Denisovan Ancestry in East Eurasian and Native American Populations

05 April 2012

Washington resident seeks comments regarding suspected stone face figure found at Columbia Park in Kennewick

Greg Martin family find from shore of Columbia River, Kennewick, Washington

Mr. Johnston;

I came across your blog when I was searching for information on small rock carvings.  I was looking for information that might relate to a suspected face carved on a small stone, found by my daughter’s boyfriend, along the Columbia River, in Columbia Park, near Kennewick, WA in mid-March.  It is possible that the features are simply a natural occurrence, but to me the configuration seems to imply some manipulation.

The stone is about 4.5 cm tall by 3 cm wide and 2.5 cm thick (at thickest point).  It appears to be water worn as are most of the gravels found along the river and in the region.  As with much of the water worn gravels found in this region, it is possible that it was transported here during one of the many cataclysmic Missoula Floods which swept through western Washington and along the Columbia River channel following the last ice age.

I have included four different views of the stone and would be interested in your interpretation and comments, as well as any from readers of your blog.  Thank you for considering my submittal.

Greg Martin, Kennewick, WA

Hi Greg,

I think your intuition is correct about the manipulation of this piece.  It seems from the photo the left eye could have a part of the natural stone and the right eye, the nose line and the mouth were added. There is a known motif of "one eye open, one eye closed or missing" in paleoart, so it may be in line with that. Usually the left eye is closed or missing and in your case the hole, or missing eye, is at left side of the face. The faces are usually in a moaning or mouth agape position, so yours is unusual in that it appears content or slightly smiling.  I will be happy to post it soon on my blog.  I don't get as many comments as I'd like, but I will solicit them on your behalf.

A man named Dennis Boggs from Irrigon, Oregon, I think 40 miles or so downriver from you, sent me his 50 year collection of "stones that looked manipulated" and I have identified a number of "face stones."  You can do a site search of "boggs" and see the list of postings.  Others in Washington and Oregon have also identified similar material.  Your daughter's boyfriend (or you) should return to that same location and look for more possible worked stones with figures because there are almost always more where one is found.  You can look at my postings to see some of what may be possible out there. This would at least help you assemble a "cluster of surface finds" and developing context information is so important in archaeology.  There is no way to tell without more pieces and a real archaeology effort to determine if they (assuming you find more) are in a place of original deposition or if they have been aggregated by natural processes. I think people are finding them in both situations.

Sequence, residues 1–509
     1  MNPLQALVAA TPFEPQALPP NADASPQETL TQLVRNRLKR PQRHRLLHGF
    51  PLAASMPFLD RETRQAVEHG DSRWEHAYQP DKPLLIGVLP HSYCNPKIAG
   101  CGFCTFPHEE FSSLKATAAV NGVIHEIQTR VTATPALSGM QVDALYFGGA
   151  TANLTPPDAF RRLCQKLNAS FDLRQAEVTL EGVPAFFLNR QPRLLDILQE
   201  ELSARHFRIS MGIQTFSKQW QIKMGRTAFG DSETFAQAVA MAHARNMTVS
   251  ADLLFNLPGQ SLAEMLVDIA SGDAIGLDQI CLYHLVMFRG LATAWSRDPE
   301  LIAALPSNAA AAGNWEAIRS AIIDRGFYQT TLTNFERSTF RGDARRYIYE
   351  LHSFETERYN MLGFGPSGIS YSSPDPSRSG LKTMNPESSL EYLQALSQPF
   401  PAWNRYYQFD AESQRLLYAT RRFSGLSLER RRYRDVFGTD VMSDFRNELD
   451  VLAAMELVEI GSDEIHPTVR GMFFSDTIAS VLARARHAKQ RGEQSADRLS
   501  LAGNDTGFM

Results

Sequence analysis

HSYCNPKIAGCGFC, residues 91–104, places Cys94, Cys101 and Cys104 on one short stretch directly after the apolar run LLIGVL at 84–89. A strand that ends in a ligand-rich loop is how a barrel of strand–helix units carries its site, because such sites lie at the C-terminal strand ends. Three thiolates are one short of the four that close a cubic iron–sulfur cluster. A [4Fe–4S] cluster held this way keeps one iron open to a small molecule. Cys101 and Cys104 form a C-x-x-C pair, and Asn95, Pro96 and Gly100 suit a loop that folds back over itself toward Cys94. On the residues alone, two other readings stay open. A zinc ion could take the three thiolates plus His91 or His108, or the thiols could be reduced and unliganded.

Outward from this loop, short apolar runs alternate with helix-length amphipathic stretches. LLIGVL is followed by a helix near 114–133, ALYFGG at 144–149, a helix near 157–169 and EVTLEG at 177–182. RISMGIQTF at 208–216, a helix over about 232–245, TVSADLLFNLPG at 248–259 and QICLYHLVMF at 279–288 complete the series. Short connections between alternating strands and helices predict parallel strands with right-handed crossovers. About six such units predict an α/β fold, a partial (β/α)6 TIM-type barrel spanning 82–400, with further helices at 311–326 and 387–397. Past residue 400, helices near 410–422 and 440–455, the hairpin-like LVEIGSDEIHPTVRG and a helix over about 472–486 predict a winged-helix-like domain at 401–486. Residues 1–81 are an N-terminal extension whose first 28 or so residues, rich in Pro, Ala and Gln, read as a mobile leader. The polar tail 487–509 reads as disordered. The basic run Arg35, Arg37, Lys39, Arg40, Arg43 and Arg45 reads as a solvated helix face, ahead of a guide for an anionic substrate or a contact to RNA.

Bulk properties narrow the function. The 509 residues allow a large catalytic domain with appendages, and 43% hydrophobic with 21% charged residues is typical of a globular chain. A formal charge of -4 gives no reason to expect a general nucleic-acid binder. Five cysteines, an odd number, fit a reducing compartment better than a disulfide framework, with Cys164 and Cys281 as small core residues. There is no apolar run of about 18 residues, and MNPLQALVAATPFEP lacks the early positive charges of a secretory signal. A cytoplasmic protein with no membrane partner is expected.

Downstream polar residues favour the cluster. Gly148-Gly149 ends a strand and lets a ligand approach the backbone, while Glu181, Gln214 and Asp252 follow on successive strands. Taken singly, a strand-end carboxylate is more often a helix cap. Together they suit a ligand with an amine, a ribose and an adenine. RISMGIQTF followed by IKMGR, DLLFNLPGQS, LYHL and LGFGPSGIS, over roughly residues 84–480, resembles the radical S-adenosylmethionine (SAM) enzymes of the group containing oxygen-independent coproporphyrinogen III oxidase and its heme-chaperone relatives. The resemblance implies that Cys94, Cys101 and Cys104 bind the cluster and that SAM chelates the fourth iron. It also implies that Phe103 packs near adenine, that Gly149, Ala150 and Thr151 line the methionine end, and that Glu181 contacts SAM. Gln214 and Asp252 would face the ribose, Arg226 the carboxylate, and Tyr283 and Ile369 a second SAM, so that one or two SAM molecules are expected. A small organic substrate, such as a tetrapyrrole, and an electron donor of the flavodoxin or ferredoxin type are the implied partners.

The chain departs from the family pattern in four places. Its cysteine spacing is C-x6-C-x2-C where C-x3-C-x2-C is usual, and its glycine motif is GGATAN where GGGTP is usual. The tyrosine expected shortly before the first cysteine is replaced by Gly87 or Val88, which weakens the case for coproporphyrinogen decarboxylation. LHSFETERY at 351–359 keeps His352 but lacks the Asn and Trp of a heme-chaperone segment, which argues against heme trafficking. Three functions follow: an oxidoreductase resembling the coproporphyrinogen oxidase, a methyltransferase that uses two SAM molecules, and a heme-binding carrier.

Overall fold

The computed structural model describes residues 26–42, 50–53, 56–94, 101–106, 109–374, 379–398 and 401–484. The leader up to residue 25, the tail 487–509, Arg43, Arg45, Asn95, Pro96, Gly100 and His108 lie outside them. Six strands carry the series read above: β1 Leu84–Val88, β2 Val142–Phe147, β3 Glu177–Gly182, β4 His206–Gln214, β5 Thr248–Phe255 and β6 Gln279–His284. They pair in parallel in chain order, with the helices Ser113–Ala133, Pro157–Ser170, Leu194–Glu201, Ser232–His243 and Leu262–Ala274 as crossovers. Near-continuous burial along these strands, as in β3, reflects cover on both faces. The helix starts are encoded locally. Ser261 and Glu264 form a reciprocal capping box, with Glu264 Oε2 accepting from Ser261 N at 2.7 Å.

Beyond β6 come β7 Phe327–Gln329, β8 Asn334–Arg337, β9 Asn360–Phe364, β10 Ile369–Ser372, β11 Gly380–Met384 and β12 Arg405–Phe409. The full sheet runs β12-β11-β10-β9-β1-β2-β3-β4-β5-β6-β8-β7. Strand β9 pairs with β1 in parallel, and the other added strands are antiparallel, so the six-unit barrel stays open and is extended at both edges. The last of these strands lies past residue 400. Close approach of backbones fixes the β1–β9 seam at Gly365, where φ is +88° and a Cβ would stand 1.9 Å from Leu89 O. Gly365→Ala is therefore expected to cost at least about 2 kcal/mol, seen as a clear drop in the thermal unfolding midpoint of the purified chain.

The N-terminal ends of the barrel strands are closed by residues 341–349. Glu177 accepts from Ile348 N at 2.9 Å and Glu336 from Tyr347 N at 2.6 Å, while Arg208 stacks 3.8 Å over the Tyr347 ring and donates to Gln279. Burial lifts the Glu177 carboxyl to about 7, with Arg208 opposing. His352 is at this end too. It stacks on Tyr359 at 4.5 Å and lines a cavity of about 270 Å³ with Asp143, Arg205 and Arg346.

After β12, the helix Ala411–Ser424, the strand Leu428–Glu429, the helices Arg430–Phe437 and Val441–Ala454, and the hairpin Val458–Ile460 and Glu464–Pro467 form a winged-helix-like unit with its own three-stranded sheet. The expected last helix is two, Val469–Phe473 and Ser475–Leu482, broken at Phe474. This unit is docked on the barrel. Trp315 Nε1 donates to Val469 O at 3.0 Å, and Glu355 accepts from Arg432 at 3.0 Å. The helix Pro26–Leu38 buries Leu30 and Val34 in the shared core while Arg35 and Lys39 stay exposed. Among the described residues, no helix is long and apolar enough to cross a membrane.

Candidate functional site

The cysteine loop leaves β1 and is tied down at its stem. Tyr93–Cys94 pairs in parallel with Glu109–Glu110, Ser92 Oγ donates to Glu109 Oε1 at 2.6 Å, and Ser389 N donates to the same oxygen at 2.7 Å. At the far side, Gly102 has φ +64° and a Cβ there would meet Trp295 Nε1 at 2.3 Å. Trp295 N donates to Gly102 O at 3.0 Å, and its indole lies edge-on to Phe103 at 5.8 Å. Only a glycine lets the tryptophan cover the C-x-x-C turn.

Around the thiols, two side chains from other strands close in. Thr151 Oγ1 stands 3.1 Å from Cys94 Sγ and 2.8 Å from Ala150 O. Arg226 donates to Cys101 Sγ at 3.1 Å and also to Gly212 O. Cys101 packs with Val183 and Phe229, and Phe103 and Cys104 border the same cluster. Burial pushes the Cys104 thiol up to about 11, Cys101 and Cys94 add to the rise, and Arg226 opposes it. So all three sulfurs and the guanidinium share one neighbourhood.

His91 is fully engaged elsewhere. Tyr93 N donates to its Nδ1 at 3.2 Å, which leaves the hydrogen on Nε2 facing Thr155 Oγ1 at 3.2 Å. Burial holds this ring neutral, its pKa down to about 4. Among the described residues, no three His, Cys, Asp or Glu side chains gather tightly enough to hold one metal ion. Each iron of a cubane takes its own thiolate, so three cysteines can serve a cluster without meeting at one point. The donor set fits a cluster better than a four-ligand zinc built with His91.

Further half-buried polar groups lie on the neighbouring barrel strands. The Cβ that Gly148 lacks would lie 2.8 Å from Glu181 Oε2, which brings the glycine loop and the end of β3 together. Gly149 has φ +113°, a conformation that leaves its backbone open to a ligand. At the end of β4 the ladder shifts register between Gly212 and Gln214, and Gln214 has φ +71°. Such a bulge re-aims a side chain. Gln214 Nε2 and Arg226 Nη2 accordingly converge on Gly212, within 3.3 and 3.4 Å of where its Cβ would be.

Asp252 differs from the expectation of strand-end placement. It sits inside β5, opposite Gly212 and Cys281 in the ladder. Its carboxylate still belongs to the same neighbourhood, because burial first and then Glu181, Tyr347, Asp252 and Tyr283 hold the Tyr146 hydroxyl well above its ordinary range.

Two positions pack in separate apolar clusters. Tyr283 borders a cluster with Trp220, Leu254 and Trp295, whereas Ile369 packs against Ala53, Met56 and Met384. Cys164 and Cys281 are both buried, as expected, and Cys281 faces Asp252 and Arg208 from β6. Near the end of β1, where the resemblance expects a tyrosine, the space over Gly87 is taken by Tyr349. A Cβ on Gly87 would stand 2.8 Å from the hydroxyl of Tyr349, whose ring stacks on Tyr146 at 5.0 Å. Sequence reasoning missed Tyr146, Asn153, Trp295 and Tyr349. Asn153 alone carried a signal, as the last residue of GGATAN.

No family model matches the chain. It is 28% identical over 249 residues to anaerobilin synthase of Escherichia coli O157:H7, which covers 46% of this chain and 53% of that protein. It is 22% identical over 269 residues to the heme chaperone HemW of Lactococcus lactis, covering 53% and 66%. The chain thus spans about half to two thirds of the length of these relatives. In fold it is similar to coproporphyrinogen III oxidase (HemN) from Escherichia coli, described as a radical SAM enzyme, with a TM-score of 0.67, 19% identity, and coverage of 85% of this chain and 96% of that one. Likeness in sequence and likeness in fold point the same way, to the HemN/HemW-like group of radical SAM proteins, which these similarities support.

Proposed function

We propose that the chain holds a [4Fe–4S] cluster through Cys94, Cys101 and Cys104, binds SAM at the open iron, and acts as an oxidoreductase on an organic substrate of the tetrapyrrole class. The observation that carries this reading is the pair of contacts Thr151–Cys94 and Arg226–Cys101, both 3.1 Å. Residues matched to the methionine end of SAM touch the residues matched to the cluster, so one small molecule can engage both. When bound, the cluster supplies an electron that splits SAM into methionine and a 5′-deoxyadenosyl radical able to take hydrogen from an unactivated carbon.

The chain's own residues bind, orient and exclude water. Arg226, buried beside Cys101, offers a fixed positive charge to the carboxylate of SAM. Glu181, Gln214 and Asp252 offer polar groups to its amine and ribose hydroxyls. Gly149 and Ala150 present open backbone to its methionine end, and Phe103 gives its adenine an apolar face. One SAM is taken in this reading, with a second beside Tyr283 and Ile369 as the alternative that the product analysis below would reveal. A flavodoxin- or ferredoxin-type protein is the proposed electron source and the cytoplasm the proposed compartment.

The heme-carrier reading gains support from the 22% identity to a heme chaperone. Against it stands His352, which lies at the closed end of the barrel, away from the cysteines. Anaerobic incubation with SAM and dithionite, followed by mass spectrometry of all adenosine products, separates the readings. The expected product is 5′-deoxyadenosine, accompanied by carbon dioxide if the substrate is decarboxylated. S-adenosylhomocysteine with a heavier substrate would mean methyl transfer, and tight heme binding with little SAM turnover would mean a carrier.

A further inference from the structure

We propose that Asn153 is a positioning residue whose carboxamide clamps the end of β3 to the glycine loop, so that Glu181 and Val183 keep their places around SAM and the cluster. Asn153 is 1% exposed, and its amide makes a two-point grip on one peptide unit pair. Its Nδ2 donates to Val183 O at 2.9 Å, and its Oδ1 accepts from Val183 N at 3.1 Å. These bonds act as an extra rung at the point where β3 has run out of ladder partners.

I note you are a scientist and my position is that science needs to be brought to bear on these kinds of anomalous finds.  However, I think you might find archaeologists are not too keen on the topic of intended imagery in crude pebbles. I have been diagnosed with pareidolia by so many archaeologists, you'd think they were licensed to practice psychology!  It would seem that microscopic evaluation by a competent specialist could determine or rule out human agency on the hundreds of finds being identified by laypersons, even with taxonomies coming to light because of the internet, but archaeology does not have a healthy mechanism to evaluate anomalies- it is not a real scientific enterprise but seems to be a group of gatekeepers who have vested interests in maintaining the status quo.

Thanks for taking time to write and for your photos.



Thank you for your swift reply to my inquiry. I will take your advice and return to the area where the stone was found and see if there are any other examples of manipulated material.  The stone was found on the river shore in a highly trafficked area of the Park, actually not that far from where the bones of ‘Kennewick Man’ were found.

One of my hobbies is tumbling stones (usually river rock).  My grandkids like the shinny rocks and it stimulates them to ask questions about geology.  After handling thousands of local river or water worn rocks over the last few years, I have never come across any with the sort of features which appeared to be human manipulated/created. You can be assured that I will be doing my future collecting with a much more critical eye.

Thanks again for your response.

Greg --

Does anyone have comments or advice for Greg, or similar finds to this one?



  1. Hi Ken and Greg,

    This rock makes me think of small clay rock found on the ledge of a wash nearby. The right eye has been filled, the left eye is hollow and there is a thin stone for a mouth. There isn't any nose which is unusual for what I have found here. Posting a photo of it on my blog.

    Any advice? from a beginner ? keep trusting what you see and follow that trail...

    All the best,


  2. Greg, as Ken states "microscopic evaluation by a competent specialist". There are lots of us out there and Ken is one of them. I have done this for 20 years where as Archeologists refuse to admit it even exists. So, Greg my advice to you is to become a specialist in all aspects of portable rock art in your area. My hope is that we can all work together as a worldwide team of experts. And although Ken called them anomalies, I think he would agree that anomalies is a word the archeologists would use. Because the quantity of arrow and dart points found in the U.S. pales in comparison to portable rock art tools found. Thank you.
    David Boies